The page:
Employment law violations can be subtle or overt, but no matter how they’re packaged, the aggrieved parties can and should seek fair and just compensation by taking legal action. If you were a victim of unlawful retaliation by your employer, reach out to our team for legal assistance.

Retaliation can take on many forms, such as the following and more:

  • Firing an employee for reporting sexual harassment
  • Reducing an employee’s hours after they complained about discrimination or unsafe working conditions
  • Failing to provide reasonable accommodation for a disability
  • Terminating an employee who complained about never receiving overtime pay or an incorrect paycheck
  • Taking adverse employment action because an employee refused to do something illegal

Do You Have a Valid Case?

Retaliation can manifest in many other ways than these. If you are unsure if what happened, you may have been wrongfully retaliated against by your employer.  Call The Watson Law Office as soon as possible to find out if you may have a valid claim.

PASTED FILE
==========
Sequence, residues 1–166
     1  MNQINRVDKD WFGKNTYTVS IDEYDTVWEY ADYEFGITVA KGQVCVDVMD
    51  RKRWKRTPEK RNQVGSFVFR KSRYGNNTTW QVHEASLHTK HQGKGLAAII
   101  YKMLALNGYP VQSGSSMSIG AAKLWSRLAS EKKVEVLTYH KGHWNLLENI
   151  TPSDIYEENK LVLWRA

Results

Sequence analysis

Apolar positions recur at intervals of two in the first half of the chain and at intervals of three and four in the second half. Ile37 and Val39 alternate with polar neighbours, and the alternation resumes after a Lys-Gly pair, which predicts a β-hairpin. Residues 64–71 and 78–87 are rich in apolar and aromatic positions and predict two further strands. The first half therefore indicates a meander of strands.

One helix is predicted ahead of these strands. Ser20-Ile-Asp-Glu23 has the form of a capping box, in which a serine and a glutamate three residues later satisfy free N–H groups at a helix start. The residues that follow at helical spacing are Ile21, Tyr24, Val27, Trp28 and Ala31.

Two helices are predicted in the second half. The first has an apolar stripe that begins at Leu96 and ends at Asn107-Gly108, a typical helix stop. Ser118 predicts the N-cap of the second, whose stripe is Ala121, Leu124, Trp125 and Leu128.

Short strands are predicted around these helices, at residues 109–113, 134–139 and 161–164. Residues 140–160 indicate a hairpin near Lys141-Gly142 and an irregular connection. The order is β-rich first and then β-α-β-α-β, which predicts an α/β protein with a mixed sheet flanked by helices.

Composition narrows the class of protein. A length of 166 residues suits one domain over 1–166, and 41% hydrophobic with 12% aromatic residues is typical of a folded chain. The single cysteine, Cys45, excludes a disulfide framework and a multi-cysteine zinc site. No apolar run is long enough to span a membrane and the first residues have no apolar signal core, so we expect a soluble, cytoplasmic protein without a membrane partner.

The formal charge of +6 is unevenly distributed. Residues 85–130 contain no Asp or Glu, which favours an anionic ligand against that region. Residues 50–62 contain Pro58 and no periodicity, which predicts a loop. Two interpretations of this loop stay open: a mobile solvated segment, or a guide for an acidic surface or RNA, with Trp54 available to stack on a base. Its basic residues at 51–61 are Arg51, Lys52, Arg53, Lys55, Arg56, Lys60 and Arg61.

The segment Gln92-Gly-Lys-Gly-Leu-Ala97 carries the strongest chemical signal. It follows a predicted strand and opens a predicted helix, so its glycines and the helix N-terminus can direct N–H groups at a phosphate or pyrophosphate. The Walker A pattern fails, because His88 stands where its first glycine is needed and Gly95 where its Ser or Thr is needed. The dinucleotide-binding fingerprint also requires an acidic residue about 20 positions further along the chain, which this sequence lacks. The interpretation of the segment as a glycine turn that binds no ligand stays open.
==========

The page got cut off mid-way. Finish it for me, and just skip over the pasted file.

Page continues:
Sexual Harassment

What Is Sexual Harassment in the Workplace?

The behaviors that collectively define sexual harassment do not always look the same. First, not all instances of sexual harassment are physical – if someone is engaging in non-physical forms of sexual harassment, they can be held accountable for their actions as much as if they interacted with you physically.  Whether it was a supervisor, business owner, or a coworker who was responsible for unlawful sexual misconduct against you, we can help you navigate your claim and hold your employer accountable. Keep in mind any gender can be a victim of sexual harassment in the workplace.

Common forms of sexual harassment at work can comprise of the following:

  • Unwanted touching of any kind and anywhere on someone else’s body
  • Unwanted comments about someone else’s body or appearance
  • Inappropriate remarks about someone’s real or perceived sexual activity or orientation
  • Quid pro quo, or asking for sexual favors in exchange for career advancement or perks
  • Making physical or verbal sexual advances and/or propositions
  • The display of sexually suggestive or explicit imagery, including photos and drawings
  • Making sexually suggestive gestures
  • Leering, watching, stalking, and blocking someone’s path
  • Sending links to pornographic websites or content
  • Mistreating someone who does not conform to the offender’s views on gender

Any of these behaviors and many more can become instances of sexual harassment regardless of the sexual orientation or gender identity of the involved parties.

It’s Your Company’s Responsibility to Act

When you report sexual harassment to your employer, they are legally required to act in a manner that corrects the problem. When a company fails in its legal duty to keep a workplace free from sexual harassment, call The Watson Law Office.